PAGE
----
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Home / Blog / Health, cat health, ochoa / Everything You Need to Know about Cat Panleukopenia

September 12, 2018 |5 min read |Veterinarian Reviewed

Everything You Need to Know about Cat Panleukopenia

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Cat panleukopenia is a feline virus that affects cats worldwide. While cases of this disease are declining, it is still high in areas where cats are generally unvaccinated. There are several important things you should know about cat panleukopenia.

1. What is Cat Panleukopenia?

According to the American Veterinary Medical Association (AVMA), cat panleukopenia is a viral disease that is extremely contagious. This illness is caused specifically by the feline parvovirus. The virus infects and destroys cells that grow rapidly and divide quickly.
The disease particularly affects cells in a developing fetus, the bone marrow and the intestines. This virus is especially dangerous for kittens, and for cats that have a weak immune system. Due to the prevalence of the virus, almost all cats will be exposed to it at some time in their lifetime. Most stray and feral cats will likely develop the disease. It's important to note that the panleukopenia virus does not infect people.

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2. What are the Symptoms of Cat Panleukopenia?

Persian Cat laying down

Unfortunately, some cats succumb to the virus without showing any symptoms. Other times a cat may have a fever, lack of appetite, diarrhea, vomiting, or exhibit signs of depression. Becoming lethargic or dehydrated are also warning signs that the cat is ill with panleukopenia.
Sometimes a diagnosis is made on a physical exam, the symptoms and a general history of the cat. ASPCA reports that the disease can be diagnosed with a basic lab test that includes Enzyme Linked Immunofluorescent Antibody (ELISA). This particular test uses a fecal swab and can be completed in approximately 15 minutes.

3. How is Cat Panleukopenia Transmitted?

Cats spread the virus primarily through bodily fluids and secretions. This includes their stool, urine and nasal secretions. The virus can also be spread by fleas. A pregnant cat that is infected with the virus will often deliver stillborn kittens. If it is late in the pregnancy when the cat is infected, the kittens may survive but their brain development will likely be negatively affected.

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While cats can usually only pass the virus for a few days during the time when they're infected, the virus can survive in the environment for as long as a year. This means a cat may get sick with the virus without any actual contact with another animal. A cat may pick up the virus from bedding, dishes and even people who have handled an infected animal and not washed their hands.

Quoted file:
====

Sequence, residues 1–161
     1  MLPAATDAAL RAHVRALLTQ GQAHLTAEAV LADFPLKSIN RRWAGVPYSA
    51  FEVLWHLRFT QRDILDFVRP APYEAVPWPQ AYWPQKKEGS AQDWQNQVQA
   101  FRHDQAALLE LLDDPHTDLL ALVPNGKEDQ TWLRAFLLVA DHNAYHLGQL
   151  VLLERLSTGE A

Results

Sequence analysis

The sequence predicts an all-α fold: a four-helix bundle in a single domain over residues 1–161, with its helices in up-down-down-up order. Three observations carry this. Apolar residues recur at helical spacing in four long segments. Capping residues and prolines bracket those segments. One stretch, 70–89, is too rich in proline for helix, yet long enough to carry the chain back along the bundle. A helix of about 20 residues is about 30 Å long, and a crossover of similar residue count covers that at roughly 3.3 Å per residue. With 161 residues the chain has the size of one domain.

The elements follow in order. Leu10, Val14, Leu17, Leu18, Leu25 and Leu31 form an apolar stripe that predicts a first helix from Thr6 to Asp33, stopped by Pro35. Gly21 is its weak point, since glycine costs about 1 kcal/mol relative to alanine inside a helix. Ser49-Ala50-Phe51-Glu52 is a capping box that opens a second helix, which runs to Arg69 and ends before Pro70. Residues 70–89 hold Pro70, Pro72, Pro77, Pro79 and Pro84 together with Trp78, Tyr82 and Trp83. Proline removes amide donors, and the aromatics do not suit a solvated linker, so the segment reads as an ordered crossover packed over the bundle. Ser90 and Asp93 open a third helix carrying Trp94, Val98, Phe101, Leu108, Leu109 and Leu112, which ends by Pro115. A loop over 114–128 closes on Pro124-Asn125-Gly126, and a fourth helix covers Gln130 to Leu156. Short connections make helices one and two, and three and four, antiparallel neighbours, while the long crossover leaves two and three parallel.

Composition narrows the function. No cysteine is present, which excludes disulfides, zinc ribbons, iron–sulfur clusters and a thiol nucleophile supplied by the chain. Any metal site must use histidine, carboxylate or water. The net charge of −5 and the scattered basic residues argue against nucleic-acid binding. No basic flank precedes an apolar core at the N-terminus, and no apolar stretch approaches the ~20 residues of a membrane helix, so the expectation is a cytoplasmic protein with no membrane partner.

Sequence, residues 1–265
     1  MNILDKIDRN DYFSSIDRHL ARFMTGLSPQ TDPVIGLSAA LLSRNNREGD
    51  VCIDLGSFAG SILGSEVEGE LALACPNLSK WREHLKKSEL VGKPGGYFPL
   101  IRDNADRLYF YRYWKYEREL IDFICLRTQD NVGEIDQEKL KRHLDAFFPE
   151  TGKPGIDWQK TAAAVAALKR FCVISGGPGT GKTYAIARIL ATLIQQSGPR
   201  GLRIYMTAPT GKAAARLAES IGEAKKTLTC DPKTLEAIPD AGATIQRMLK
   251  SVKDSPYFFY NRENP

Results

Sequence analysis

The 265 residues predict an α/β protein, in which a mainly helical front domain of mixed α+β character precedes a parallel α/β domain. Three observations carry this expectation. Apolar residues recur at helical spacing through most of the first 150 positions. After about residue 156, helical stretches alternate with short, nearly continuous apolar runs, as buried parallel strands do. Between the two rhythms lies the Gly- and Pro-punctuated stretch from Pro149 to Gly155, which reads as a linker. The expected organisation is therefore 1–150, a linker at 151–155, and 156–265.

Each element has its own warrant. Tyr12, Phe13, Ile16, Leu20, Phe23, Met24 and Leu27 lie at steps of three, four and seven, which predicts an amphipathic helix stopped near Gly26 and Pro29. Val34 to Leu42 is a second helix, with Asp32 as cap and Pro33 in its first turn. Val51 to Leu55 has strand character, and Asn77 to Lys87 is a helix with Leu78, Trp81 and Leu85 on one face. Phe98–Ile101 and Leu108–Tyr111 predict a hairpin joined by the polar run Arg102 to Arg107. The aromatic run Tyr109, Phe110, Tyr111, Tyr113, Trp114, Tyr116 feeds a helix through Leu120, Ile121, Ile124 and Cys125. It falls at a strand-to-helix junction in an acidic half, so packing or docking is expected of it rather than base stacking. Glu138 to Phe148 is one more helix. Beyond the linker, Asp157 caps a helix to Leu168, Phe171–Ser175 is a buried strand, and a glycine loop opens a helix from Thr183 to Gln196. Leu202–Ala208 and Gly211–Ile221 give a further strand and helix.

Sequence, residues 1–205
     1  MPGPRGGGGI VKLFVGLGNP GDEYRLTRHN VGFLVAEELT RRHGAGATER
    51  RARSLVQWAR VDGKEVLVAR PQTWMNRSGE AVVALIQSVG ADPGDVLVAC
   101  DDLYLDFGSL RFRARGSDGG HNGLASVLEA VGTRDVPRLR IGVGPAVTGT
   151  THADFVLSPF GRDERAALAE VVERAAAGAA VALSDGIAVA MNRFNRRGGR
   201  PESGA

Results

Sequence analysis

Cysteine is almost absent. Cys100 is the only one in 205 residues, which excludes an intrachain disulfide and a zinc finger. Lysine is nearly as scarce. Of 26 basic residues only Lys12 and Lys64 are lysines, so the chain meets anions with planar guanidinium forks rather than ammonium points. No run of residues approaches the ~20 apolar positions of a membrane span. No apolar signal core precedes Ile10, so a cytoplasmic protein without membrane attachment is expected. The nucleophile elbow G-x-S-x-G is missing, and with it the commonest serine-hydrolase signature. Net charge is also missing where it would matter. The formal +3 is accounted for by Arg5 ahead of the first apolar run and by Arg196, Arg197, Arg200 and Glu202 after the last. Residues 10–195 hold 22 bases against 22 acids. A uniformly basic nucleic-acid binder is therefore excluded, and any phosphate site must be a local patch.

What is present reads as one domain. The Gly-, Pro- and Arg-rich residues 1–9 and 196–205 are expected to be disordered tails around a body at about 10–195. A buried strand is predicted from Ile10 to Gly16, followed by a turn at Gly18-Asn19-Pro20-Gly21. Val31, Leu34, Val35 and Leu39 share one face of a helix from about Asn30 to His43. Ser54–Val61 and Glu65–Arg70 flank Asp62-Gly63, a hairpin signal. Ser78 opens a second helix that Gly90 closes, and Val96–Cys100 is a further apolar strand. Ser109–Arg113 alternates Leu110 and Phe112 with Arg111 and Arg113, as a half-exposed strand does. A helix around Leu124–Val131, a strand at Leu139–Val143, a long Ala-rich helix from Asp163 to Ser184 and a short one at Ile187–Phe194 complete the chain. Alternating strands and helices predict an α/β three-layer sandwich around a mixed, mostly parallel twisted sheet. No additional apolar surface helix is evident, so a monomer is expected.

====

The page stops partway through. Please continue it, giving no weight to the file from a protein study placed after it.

4. How is Cat Panleukopenia Treated?

Cat with Vet

Once a cat has become ill, supportive care is the best treatment that can be offered. This would likely include fluids and antibiotics. IV fluids may be necessary to restore the necessary fluid and electrolyte imbalance. Isolation is critical during the time the cat is infected. Even if there aren't any other animals in the general area, the virus can contaminate the surrounding environment.

The Journal of Veterinary Science & Medical Diagnosis states that successful treatment is largely dependent on diagnosing the disease early and then beginning aggressive treatment. It's important to watch for secondary infections due to a decrease in the level of white blood cells. Once infected with the panleukopenia virus a cat may be more susceptible to serious bacterial infections.
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5. Can Cat Panleukopenia be Prevented?

Cats that survive the virus will likely develop immunity that will protect them from another outbreak. Kittens may receive what is called passive immunity through their mother's milk. This kind of immunity, however, is only temporary.
It's important to keep your kitten or cat from being exposed to or developing  panleukopenia. While this illness can be extremely dangerous, the best way to prevent your cat from suffering from this particular disease is to make sure the cat is vaccinated.
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Christina Scamporrino is a lifelong animal lover and began working in the petcare space in 2019. Christina’s passion for the community of feline owners and enthusiasts have led her to designing premium packaging for PrettyLitter cat litter, PrettyPlease dry food, wet food, and treats, and a litter box designed to solve common litter box issues.

Outside of her professional work in the petcare space, Christina is a longtime kitten foster and has worked with several cat rescues throughout Southern California. When given the option, she favors orange cats, but loves all cats equally.



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Sara Ochoa

Sara Ochoa, DVM graduated from St. George's University Veterinary School in 2015. Since then, she has been at a small and exotic animal practice in Texas. In her free time, she loves making quilts and spending time with her husband Greg and their 4 fur kids. Two dogs, Ruby a schnoodle, and Bug a Japanese Chin, one cat named OJ and a leopard tortoise named Monkey.

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